This will install Loki & Grafana in the monitoring namespace. Check if there’re pods running for Loki and Grafana.

Install Promtail

You’ll notice that the Promtail installation is disabled above. This is because custom configuraiton is required to effectively tail logs. The default Promtail configuration follow the kubernetes recommended labels and filter out everything that doesn’t conform to those rules.

Create a values.yaml file. This configuration will allow Promtail to tail and forward all labels. This is a necessity since fission adds additional labels when a pod is specialized.

cat > promtail-config.yaml <<EOF
config:
  lokiAddress: http://loki:3100/loki/api/v1/push
  snippets:
    common:
      - action: replace
        source_labels:
          - __meta_kubernetes_pod_node_name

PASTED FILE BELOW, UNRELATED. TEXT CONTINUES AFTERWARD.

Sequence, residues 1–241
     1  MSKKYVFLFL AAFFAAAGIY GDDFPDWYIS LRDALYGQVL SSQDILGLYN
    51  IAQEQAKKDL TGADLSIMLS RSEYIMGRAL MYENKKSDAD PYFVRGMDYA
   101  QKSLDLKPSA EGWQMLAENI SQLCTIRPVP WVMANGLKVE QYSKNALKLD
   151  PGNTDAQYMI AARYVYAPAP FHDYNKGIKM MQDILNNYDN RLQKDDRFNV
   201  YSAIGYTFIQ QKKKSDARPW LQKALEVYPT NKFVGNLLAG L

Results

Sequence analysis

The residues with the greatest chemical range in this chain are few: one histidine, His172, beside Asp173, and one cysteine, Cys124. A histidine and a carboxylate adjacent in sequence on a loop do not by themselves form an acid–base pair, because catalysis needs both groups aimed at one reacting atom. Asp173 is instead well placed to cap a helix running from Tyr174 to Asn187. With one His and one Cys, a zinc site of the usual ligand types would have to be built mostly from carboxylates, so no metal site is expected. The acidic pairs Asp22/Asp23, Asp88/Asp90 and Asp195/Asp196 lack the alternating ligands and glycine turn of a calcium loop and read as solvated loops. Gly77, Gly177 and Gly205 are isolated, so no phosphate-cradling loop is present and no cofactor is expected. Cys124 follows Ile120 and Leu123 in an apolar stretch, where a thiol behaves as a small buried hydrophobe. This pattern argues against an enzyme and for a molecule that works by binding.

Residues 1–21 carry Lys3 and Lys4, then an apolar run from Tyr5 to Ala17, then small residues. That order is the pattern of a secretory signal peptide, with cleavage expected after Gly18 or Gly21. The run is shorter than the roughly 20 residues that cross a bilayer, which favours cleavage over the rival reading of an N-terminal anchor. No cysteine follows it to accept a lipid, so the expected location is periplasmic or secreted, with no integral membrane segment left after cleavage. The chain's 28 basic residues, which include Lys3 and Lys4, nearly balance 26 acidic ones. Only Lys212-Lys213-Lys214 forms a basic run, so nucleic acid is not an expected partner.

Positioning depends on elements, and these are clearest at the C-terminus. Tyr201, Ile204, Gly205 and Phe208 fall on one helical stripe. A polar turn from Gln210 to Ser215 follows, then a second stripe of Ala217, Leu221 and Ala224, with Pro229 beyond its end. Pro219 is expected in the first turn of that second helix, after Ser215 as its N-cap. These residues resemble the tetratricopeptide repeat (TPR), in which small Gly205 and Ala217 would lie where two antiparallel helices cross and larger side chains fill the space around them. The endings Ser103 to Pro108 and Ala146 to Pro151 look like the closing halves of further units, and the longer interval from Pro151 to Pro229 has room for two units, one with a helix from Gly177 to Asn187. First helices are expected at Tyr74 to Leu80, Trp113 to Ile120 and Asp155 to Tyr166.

target_label: node_name
      - action: replace
        source_labels:
          - __meta_kubernetes_namespace
        target_label: namespace
      - action: replace
        replacement: $1
        separator: /
        source_labels:
          - namespace
          - app
        target_label: job
      - action: replace
        source_labels:
          - __meta_kubernetes_pod_name
        target_label: pod
      - action: replace
        source_labels:
          - __meta_kubernetes_pod_container_name
        target_label: container
      - action: replace
        replacement: /var/log/pods/*$1/*.log
        separator: /
        source_labels:
          - __meta_kubernetes_pod_uid
          - __meta_kubernetes_pod_container_name
        target_label: __path__
      - action: replace